I was a food addict and compulsive overeater for 30+ years. While Overeaters Anonymous, therapy, blogging and recovery books inched me towards healthy eating, it was triathlon that filled me with passion and relegated my food obsession to the backseat.
I’m 49. I have been an athlete my whole life — Little League baseball, then playing softball and basketball for my school teams. During college and beyond, I joined a gym, and then began running when I was 28. I discovered triathlon when I was 42; I was hooked. Triathlon fulfilled me in mind, body and spirit.
While I was lucky to be born with some natural athletic ability, I was unlucky to grow up in a home in which I did not receive the love I needed. I saw a dysfunctional relationship between my parents. Unbeknownst to me, I turned to food as a coping mechanism at around the age of 8 or 9.
And not just food, but large amounts of food. Copious amounts of food that I ate hidden from family and friends. Food became an obsession. What would I eat? Where would I get it? Where would I eat it? Repeat. Could I socialize with friends at a party or event with foods? Forget it. The food was more important than the people around me.
I felt terrible physically and mentally. I’d vow, disgusted with myself, that I would stop the next day. So many vows were broken. My brain was not wired properly; Food controlled my life.
When I was 40, I realized that I didn’t just have a “sweet tooth” for the past 30 years. I had an eating disorder – compulsive overeating. I was a food addict. I took this discovery as a fatal diagnosis and turned all my energy to recovering. Though all of the elements I mentioned earlier were key in my recovery, triathlon cemented everything in place.
Being a type-A personality, training for triathlons was all-consuming. I was fueled by the training, the nutrition, the racing, the gear and the camaraderie of a tri club. I loved it all. It was a sport that catered to all of my personal and athletic needs. While I competed mostly with myself, I was also competing with other women in my age group.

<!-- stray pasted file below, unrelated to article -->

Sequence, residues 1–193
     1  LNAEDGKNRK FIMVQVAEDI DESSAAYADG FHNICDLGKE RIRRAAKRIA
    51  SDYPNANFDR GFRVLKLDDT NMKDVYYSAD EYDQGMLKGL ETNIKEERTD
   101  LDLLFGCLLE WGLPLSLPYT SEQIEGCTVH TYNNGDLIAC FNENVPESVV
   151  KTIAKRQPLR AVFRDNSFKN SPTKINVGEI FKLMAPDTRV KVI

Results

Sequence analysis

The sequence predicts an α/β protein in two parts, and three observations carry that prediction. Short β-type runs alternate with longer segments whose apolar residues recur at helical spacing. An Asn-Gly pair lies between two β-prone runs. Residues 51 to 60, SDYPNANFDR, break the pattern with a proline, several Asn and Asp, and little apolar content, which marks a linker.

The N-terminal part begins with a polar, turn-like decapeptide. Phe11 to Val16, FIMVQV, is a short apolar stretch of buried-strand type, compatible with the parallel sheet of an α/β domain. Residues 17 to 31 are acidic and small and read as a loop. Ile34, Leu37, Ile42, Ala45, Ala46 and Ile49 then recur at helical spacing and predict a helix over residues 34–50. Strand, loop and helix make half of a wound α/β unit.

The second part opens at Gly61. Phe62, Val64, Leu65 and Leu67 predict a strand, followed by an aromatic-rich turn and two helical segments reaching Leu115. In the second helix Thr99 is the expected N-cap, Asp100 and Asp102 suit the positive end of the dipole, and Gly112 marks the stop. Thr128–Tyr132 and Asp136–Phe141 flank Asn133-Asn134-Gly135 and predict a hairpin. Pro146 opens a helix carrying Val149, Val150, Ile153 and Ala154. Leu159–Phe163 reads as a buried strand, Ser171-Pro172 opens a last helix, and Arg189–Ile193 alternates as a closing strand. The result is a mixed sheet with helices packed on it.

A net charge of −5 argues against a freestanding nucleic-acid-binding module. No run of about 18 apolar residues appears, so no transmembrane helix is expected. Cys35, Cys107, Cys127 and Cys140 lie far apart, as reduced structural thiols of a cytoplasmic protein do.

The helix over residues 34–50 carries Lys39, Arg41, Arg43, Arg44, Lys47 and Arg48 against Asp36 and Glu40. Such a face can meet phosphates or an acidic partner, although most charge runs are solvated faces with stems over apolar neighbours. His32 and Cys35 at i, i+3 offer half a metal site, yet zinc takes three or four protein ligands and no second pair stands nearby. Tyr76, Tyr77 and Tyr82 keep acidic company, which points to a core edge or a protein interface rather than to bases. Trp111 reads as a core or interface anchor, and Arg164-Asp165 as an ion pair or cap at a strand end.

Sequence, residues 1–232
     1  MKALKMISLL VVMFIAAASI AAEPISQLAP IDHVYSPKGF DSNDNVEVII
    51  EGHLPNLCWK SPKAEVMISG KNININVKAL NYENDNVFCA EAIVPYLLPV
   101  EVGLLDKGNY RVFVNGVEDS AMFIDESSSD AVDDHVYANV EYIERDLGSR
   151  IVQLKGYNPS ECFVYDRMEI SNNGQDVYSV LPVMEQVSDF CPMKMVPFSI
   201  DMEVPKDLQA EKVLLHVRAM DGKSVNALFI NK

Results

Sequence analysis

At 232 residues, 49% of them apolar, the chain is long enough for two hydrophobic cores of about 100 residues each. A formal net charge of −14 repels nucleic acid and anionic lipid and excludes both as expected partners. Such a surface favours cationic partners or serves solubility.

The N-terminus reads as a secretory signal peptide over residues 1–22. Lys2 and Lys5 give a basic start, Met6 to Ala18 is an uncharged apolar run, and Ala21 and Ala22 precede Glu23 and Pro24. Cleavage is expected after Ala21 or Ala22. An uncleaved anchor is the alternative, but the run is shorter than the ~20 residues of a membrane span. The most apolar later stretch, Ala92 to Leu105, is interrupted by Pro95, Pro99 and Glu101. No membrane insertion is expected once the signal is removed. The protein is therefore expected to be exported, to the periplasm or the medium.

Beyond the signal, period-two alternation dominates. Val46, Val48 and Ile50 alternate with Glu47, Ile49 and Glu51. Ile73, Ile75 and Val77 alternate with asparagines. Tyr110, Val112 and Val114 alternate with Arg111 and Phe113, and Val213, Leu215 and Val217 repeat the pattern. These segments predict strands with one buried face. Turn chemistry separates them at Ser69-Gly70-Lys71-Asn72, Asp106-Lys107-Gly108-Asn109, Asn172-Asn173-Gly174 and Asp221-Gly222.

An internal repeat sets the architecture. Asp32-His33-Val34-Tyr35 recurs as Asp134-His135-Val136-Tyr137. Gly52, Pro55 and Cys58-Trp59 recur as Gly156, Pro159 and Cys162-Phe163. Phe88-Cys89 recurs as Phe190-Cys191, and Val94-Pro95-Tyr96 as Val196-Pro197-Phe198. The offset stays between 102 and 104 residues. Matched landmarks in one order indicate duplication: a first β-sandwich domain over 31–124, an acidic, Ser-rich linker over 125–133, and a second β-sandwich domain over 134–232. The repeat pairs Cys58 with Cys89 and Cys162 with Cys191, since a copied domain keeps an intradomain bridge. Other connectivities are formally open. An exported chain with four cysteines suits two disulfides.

I naturally progressed to competing in sprints, then Olympics, then 70.3’s, then 140.6’s. The longer the distance I accomplished, the more empowered I felt crossing the finish line. I felt strong and confident.
Though I still struggled at times with the desire to eat too much junk, my nutrition needs quietly took over: How do I best fuel my body for training and racing? I began to “eat to live” replacing a 30-year feeling of “living to eat.”
I learned in therapy that in order to stop thinking about food so much, I had to allow other things to fill my life. Triathlon came into my world in the form of an email about a triathlon charity event. Never a swimmer or cyclist, I stepped outside my comfort zone. I opened myself to a new sport, and as a result, discovered a passion, something that mentally and physically filled me and my needs.
If there are addicts or recovering addicts in your life, whether it be alcohol, drugs, pills, food, or otherwise, please know that they are in a battle every day. It’s not that they are weak or have no willpower; They have a mental illness. There is strength in choosing to recover.
When people try to reclaim their lives from an addiction, filling downtime becomes a huge problem. They don’t know what to do with themselves when they are struggling to stay away from their triggers.
As a friend or family member, it would be helpful to encourage them to leave the house. Join them in a favorite activity to take up their time, or better yet, help them discover a new and exciting passion. It could be an adult education class, a book club, joining a gym or engaging in a sport they haven’t thought about for a long time.
Maybe when they were younger, they loved art or playing the piano. Perhaps they thought about going back to school at one point. Help them connect with their younger selves to remember what was fun or delighted them, and see if they can recapture the joy as an adult.
Recovering from an addiction is hard work. It takes a great deal to admit you have a problem and great strength to retake your life. Discovering a new passion or rekindling an old one is a great tool for finding and maintaining recovery. Training for triathlons was the passion that called to me. I’m forever grateful that I found it.
Learn more about recovering from an eating disorder here.